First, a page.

> sod the lot that know nothing.

    There is a big difference, I think, between saying that someone has no knowledge of use to the security services and saying sod them. Are you seriously suggesting that we should be really worried that people who know nothing might not come forward and tell us it? I don’t get it.

  18. McGazz says:

    “McGazz, this didn’t appear till this morning because WordPress quarantines anything with 2 or more links as an anti-spam measure pending approval/deletion.”

    Damn, there goes my plan to sell you cheap m3ds and gener1c \/.14gr-4

    “No, it’s not a strawman argument. That would involve claiming that Gary had said something untrue that he had not said in order to “disprove” something true that he had said.”

    Gary warned of the dangers of anti-Asian feeling in the UK. You suggested that Gary’s claims were unfounded, as no white people had attempted to behead Asians or fly planes into mosques or suchlike. Gary wasn’t suggesting anti-Asian feeling would lead to any of those events.

    “proactive religious hatred…and a reactive race hatred”

    The religious hatred is not entirely proactive (seemingly everyone ecept Blair has admitted that British policy in the Middle East has made us more of a target), and race hatred is not entirely reactive (the tabloids are pretty good at the whole “two minutes’ hate” thing).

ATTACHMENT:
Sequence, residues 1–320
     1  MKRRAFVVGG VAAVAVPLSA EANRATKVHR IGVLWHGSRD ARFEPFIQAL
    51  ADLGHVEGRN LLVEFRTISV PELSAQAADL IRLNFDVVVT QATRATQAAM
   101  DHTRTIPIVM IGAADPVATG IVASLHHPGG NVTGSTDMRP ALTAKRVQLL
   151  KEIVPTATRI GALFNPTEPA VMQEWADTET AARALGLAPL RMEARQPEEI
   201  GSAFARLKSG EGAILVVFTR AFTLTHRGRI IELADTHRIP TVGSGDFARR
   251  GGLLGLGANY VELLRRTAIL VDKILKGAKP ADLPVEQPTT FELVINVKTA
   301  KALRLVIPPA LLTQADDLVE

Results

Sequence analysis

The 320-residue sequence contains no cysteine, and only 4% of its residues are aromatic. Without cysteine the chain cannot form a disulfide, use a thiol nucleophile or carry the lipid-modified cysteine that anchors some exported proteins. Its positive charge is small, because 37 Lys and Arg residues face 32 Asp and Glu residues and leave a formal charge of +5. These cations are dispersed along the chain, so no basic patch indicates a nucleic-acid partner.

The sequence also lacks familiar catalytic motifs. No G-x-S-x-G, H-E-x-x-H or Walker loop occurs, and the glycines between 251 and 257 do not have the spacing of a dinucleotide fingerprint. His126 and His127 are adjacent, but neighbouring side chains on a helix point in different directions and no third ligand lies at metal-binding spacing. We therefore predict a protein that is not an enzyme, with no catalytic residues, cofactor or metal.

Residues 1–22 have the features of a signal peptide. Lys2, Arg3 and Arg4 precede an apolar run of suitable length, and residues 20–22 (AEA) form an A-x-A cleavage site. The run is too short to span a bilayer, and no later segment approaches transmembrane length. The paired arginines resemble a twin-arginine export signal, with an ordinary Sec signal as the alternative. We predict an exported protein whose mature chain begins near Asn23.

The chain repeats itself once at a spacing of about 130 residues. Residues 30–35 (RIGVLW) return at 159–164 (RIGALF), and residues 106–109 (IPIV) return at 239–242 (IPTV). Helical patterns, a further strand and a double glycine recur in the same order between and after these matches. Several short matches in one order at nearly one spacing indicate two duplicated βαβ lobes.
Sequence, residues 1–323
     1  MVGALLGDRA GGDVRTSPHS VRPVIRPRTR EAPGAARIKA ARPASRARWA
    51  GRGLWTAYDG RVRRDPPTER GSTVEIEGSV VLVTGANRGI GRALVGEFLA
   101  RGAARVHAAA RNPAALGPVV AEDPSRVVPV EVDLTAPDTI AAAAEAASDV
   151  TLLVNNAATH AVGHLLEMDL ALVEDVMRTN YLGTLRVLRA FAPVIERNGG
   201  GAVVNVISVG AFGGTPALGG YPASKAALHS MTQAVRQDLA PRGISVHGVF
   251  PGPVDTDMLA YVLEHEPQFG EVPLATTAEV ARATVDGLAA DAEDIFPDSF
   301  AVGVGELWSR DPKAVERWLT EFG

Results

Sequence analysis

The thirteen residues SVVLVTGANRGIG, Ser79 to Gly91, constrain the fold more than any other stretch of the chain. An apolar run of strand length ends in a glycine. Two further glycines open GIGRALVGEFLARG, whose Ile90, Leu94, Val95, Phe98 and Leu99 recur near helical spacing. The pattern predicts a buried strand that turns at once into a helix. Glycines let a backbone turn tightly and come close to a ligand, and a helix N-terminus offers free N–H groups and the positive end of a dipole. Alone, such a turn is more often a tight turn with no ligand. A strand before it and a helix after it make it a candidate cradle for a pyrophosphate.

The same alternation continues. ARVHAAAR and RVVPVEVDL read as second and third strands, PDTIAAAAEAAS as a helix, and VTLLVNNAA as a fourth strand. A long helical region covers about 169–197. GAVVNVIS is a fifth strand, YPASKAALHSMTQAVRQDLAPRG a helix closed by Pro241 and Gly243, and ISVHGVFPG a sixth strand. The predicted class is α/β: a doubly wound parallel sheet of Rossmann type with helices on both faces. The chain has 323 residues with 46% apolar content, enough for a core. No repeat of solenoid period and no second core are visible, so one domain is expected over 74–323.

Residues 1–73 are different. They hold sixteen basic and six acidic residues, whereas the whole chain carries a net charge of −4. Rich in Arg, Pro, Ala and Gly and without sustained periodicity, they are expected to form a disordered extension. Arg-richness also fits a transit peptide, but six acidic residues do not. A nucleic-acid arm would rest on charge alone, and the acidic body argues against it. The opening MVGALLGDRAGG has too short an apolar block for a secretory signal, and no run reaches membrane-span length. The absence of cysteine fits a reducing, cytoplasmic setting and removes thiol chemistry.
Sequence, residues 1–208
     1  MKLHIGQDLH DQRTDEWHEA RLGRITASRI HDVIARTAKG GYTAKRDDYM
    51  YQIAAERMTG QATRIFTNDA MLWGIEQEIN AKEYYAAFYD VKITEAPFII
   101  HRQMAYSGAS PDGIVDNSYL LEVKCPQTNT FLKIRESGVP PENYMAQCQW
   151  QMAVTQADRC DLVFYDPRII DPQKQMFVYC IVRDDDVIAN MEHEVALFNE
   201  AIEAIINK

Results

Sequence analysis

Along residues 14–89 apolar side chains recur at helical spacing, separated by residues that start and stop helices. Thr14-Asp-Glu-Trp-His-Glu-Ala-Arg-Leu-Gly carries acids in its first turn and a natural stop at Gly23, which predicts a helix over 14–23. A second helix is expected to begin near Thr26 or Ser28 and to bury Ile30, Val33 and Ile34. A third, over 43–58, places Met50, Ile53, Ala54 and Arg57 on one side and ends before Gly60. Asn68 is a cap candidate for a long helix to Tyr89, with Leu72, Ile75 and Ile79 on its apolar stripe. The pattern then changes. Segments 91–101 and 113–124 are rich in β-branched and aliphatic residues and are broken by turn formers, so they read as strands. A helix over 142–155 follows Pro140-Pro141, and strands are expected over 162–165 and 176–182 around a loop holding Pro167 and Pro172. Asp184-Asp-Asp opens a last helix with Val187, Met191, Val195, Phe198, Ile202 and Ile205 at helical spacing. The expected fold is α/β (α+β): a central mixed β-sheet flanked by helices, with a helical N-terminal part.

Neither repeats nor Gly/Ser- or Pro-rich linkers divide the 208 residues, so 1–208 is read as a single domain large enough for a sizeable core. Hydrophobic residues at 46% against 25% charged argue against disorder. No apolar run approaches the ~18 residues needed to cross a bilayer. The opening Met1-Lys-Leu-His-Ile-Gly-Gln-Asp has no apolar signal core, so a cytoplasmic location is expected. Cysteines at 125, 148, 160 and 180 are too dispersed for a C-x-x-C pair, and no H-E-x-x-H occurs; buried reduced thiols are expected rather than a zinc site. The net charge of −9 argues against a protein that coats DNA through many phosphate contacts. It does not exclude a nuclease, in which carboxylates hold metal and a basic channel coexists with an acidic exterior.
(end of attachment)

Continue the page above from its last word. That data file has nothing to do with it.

“on balance, I sympathise with Norman Tebbit’s wife more”

    But there is no Norman Tebbit’s wife here – no one was injured on Saturday, apart from the bombers themselves. Are you saying that, because there are no victims to sympathise with in this case, you refuse to sympathise on principle with people who will suffer a backlash?

    “a quarter of British Muslims believe that the 7th of July attacks were staged by the British Government.”

    People believe weird things, I’ll admit. A quarter of Americans think Saddam was behind 9/11. A quarter of people probably think Elvis is alive. If a quarter of British Muslims had said “the 7th of July attacks were staged by the British Government, and I reckon I’m going to have a go at that old bomb lark myself”, I’d be worried.